It’s Not the Flight 93 Election

On the ridiculous ramblings of Publius Decius Mus

Perhaps if we had the great brain of Donald J. Trump, “The Flight 93 Election,” might reveal itself as something other than incoherent nonsense. Or, perhaps the recent essay by Publius Decius Mus in the Claremont Review is in fact the hilariously overwrought gibberish it appears to be. It contains elements of truth, as we are sure the Unabomber Manifesto did too, but it reads like some kind of crazy amphetamine-fueled carnival ride. Either way, we want off.

Aided by the Latin to English dictionary his mom gave him for his birthday, Publius Decius Mus has in turn given us a stinking pile of pretentious horse manure masquerading as conservatism. “The Flight 93 Election” is the same old Trumpian garbage perfumed with a sprinkling of classics references and big words. It is the alt-right dressed up as William F. Buckley for Halloween. (Seriously, “Davoisie”? Is that even a word? Apparently, to Decius it is…as in “sophists who help the Davoisie oligarchy.”)

Decius writes with the pompous self-certainty of a college freshman just completing his first semester of Philosophy 101.(“Pecuniary reasons also suggest themselves, but let us foreswear recourse to this explanation until we have disproved all the others.”) Periodically, he adopts the hysterical urgency of a hallucinating meth addict. In the event of a Trump loss, he writes, the “possibilities would seem to be: Caesarism, secession/crack-up, collapse, or managerial Davoisie liberalism as far as the eye can see.” (Davoisie again!)

His argument rests on a carefully constructed straw man. Intellectual conservatism as feckless incrementalism that “reeks of failure.” Brushing aside the Republican revolution of the 1990s, welfare reform, and the fall of communism, among others, he claims that “our side has been losing consistently since 1988.” This is because in his distorted world, “our ‘leaders’ and ‘dissenters’ bend over backward to play by the self-sabotaging rules the Left sets for them.” (As in that great leftist plot, the United States Constitution.)

Decius claims to be conservative yet rejects its fundamental tenets. Small government and civic renewal are “conservatisms typical combination of the useless and inapt with the utopian and unrealizable.” adding that, “decentralization and federalism are all well and good, and as a conservative, I endorse them both without reservation. But how are they going to save, or even meaningfully improve [America]?” This is something no actual conservative would ever say. Decius can drop the “I’m a conservative just like you!” act.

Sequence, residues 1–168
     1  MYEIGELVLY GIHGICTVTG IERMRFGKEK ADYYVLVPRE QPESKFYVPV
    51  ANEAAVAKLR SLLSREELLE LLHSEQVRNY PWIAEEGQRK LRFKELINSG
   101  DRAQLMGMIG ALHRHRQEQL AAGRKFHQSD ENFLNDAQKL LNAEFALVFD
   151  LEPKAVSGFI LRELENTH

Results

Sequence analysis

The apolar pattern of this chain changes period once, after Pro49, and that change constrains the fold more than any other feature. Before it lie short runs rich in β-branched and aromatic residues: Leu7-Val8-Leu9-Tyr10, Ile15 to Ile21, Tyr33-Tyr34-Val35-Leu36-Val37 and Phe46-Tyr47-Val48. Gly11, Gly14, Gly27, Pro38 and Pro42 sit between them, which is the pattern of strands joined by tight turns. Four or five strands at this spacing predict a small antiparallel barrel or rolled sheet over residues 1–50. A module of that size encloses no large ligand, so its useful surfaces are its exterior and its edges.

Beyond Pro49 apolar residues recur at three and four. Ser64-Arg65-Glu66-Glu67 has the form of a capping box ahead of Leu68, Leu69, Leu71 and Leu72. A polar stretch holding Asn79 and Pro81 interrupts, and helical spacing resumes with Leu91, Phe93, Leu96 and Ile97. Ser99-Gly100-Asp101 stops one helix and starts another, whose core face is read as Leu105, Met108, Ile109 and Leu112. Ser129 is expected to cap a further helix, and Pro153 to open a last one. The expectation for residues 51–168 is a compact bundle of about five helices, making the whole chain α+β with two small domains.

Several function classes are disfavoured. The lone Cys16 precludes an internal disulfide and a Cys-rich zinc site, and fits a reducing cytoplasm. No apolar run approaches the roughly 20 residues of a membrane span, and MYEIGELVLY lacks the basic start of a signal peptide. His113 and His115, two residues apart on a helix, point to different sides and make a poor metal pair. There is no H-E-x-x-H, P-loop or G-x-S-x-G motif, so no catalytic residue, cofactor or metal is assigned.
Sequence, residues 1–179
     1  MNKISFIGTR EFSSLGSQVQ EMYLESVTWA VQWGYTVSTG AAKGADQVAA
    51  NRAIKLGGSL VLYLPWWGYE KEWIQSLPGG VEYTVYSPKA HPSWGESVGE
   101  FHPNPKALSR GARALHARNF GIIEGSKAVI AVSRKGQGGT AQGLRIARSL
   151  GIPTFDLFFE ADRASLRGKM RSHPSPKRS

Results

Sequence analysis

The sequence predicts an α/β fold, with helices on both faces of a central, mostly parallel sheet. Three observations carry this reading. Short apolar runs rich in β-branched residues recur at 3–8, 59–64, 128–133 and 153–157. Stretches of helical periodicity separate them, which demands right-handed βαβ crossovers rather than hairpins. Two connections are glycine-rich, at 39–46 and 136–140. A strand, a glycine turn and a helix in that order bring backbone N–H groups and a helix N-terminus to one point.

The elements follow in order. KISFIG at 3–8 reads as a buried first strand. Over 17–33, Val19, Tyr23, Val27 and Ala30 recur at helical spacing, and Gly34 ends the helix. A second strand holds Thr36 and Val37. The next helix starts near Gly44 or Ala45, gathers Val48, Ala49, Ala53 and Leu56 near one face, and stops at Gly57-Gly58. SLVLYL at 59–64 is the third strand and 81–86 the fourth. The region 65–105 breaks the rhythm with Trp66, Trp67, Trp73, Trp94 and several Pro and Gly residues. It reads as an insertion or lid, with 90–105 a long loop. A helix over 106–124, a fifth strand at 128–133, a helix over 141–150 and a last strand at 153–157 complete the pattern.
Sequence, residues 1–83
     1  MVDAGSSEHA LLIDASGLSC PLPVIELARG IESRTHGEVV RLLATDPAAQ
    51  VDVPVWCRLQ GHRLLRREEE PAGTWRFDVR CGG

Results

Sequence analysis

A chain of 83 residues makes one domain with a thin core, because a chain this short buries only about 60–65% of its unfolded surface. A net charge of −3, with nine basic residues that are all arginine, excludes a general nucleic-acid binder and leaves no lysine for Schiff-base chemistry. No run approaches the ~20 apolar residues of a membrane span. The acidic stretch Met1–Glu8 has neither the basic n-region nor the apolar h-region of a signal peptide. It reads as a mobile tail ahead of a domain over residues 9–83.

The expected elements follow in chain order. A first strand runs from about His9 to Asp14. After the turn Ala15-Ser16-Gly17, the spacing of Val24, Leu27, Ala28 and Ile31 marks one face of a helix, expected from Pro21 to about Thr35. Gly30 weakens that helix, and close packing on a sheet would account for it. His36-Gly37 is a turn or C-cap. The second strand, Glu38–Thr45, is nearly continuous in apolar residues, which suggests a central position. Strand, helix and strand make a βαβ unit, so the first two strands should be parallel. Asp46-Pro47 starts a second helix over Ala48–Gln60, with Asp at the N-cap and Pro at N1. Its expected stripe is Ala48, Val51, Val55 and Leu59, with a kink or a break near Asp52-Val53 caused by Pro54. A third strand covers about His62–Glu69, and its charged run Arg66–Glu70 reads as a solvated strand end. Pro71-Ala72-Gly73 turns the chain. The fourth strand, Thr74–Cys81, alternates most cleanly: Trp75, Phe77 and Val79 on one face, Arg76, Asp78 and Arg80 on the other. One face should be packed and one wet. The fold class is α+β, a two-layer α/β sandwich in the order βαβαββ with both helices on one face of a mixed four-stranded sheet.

So, Decius tells us, the apocalyptic horror of even one day of Hillary Clinton requires that we reject conservative principles altogether for the lunatic embrace of Donald J. Trump’s crude nativism and identity politics. Those who refuse to comply are unfit to call themselves conservatives. Anything less than complete allegiance to Donald J. Trump is not only a vote for Hillary Clinton, it is a wish for our national doom.

Hogwash.

The U.S. is not one election away from destruction. A Republican House and Senate ensure Hillary will be constrained in her ability to accomplish her agenda. The Senate will have substantial control over appointments and will be in no mood to be deferential to leftist Supreme Court picks.

The cards will be stacked against her in 2020. As Ben Shapiro observes, there is a good argument that this not as the “Flight 93 Election,” but the “Dunkirk Election,” in which “conservatives had best save their army for a later date when the reinvasion of the continent becomes possible.”


Trump seems largely driven by narcissism rather than adherence to any particular set of principles conservative or otherwise. He has simply found the Republican Party to be the most fertile feeding ground for his rapacious vanity.

The question of voting for Trump cannot be framed in terms of conservatism versus liberalism. A President Trump could very well turn out to be either. If you believe as we do that the most significant factor guiding him is not policy in the best interest of the nation but how he is viewed personally, governing philosophy is flexible.

The question is will Trump, in pursuit of feeding his wildly outsized ego, accidentally be a better President than Clinton would? And, further, will there be enough of a Republican party left when he is through with it to elect real conservatives and enact actual reform? This is an open question.

But, any argument based on Trump’s policy views is null and void. Decius’ ponderous pseudo-intellectual ramblings notwithstanding, if we do end up holding my nose and voting for Trump we will not resent those who decline to do the same.